When galaxies merge, gas may accrete onto both central supermassive black holes. Thus, one expects to see close pairs of active galactic nuclei (AGNs), or dual AGNs, in a fraction of galaxy mergers. The existence and statistics of dual AGNs provide an important probe into hierarchical galaxy formation models, accretion-triggering mechanisms, galaxy merger rates, and black hole growth. However, finding them remains a challenge. The presence of double-peaked [O III] has been proposed as a technique to select dual AGNs efficiently. We studied a sample of double-peaked narrow [O III] emitting AGNs from the Sloan Digital Sky Survey. By obtaining new and archival high spatial resolution images taken with the Keck II Laser Guide Star Adaptive Optics system and the near-infrared (IR) camera NIRC2, we showed that 31%+/-3% of double-peaked [O III] emission line SDSS AGNs have two spatial components within a 3" radius.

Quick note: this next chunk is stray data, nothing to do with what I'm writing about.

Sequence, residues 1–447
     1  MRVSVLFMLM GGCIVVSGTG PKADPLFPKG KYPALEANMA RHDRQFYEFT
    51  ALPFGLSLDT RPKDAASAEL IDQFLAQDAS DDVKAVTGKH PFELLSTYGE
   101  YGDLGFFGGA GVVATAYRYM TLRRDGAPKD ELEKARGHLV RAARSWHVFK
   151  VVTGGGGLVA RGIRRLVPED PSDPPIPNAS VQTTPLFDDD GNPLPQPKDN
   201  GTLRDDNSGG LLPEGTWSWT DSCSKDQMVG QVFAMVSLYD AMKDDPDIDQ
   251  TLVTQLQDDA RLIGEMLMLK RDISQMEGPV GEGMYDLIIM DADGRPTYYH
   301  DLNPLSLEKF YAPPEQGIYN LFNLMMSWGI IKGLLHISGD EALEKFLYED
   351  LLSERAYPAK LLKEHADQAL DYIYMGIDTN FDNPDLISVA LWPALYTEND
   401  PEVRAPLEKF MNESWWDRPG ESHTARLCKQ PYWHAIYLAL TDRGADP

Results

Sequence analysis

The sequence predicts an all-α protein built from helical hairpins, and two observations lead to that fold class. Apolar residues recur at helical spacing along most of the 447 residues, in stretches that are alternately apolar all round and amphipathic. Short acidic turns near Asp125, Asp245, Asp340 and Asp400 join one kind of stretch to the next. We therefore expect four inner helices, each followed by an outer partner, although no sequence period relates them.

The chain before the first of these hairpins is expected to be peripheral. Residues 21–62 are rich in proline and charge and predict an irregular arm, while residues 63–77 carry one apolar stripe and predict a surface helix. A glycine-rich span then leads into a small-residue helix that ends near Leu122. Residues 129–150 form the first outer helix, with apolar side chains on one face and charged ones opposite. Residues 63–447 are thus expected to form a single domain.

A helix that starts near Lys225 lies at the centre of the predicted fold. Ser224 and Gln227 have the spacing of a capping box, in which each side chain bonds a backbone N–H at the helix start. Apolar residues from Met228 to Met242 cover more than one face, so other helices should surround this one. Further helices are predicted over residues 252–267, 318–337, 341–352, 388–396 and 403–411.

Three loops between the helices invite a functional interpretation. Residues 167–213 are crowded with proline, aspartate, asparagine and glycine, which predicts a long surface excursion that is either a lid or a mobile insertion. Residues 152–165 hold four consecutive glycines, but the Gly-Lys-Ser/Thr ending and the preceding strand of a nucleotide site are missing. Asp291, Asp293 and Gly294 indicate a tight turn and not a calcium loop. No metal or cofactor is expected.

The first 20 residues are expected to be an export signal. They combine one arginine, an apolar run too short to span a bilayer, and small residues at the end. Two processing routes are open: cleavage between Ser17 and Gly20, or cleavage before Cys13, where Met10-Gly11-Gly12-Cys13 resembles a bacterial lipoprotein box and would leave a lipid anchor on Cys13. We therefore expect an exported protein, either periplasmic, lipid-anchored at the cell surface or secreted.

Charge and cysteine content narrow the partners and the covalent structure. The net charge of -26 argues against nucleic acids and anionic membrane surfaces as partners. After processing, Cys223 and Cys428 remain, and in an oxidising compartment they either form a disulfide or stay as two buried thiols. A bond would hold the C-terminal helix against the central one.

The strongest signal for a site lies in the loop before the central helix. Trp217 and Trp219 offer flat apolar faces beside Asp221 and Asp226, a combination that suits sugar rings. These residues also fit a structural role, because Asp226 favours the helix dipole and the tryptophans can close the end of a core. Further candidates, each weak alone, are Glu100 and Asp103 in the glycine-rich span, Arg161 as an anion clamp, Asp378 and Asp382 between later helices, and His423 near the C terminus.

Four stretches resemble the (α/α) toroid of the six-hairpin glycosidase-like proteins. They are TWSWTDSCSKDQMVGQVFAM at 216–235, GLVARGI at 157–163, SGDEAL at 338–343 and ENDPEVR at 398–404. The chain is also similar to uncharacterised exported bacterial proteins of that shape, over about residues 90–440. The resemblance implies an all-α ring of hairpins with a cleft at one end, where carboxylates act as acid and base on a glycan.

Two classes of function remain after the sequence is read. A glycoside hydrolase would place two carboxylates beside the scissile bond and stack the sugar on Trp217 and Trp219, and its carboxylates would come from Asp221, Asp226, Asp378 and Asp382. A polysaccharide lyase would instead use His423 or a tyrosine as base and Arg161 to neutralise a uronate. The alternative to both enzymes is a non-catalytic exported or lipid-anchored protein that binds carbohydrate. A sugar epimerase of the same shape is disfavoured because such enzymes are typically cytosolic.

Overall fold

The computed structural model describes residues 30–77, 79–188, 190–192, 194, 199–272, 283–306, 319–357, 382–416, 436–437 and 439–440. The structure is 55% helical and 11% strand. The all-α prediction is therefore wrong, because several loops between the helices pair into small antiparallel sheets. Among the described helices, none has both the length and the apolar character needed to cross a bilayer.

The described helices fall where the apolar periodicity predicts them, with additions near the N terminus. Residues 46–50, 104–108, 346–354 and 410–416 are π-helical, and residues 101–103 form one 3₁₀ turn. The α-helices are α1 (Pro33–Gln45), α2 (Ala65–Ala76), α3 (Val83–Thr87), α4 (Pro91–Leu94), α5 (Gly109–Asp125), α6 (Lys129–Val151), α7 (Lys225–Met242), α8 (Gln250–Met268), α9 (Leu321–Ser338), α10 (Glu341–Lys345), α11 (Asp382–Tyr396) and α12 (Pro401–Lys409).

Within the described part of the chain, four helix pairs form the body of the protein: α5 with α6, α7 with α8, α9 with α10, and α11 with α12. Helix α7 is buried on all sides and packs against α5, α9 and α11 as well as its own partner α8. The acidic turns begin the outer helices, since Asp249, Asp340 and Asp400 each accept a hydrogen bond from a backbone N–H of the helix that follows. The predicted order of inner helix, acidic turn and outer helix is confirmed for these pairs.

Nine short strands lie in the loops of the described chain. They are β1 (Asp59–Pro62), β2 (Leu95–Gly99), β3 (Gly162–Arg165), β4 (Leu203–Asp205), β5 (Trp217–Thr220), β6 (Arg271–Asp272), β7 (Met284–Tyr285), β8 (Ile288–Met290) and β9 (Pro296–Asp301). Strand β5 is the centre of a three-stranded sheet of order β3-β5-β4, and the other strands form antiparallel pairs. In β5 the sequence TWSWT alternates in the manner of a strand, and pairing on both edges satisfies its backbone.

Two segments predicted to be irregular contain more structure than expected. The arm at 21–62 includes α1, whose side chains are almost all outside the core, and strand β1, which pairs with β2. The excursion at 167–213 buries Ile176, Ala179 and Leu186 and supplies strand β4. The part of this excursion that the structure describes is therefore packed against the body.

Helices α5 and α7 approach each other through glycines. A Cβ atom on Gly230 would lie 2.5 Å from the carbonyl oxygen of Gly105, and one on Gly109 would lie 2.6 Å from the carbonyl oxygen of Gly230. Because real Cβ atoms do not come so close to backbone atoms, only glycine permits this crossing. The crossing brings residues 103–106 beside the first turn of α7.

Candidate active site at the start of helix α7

However, the imaging discussed above does not show whether or how the double emission line structure relates to the presence of a companion. Spatially resolved spectroscopy or X-ray observations can confirm these galaxy pairs as systems containing two AGNs. We followed up these spatially-double candidate dual AGNs with integral field spectroscopy from Keck OSIRIS and Gemini GMOS and with long-slit spectroscopy from Keck NIRSPEC and Shane Kast Double Spectrograph. We find double-peaked lines are sometimes dual AGN and sometimes outflows or narrow line kinematics. We also performed Chandra X-ray ACIS-S observations on 12 double-peaked candidate dual AGNs. Using our observations and 8 archival observations, we compare the distribution of X-ray photons to our spatially double near-IR images, measure X-ray luminosities and hardness ratios, and estimate column densities. By assessing what fraction of double-peaked emission line SDSS AGNs are true dual AGNs, we can better determine whether double-peaked [O III] is an efficient dual AGN indicator and constrain the statistics of dual AGNs.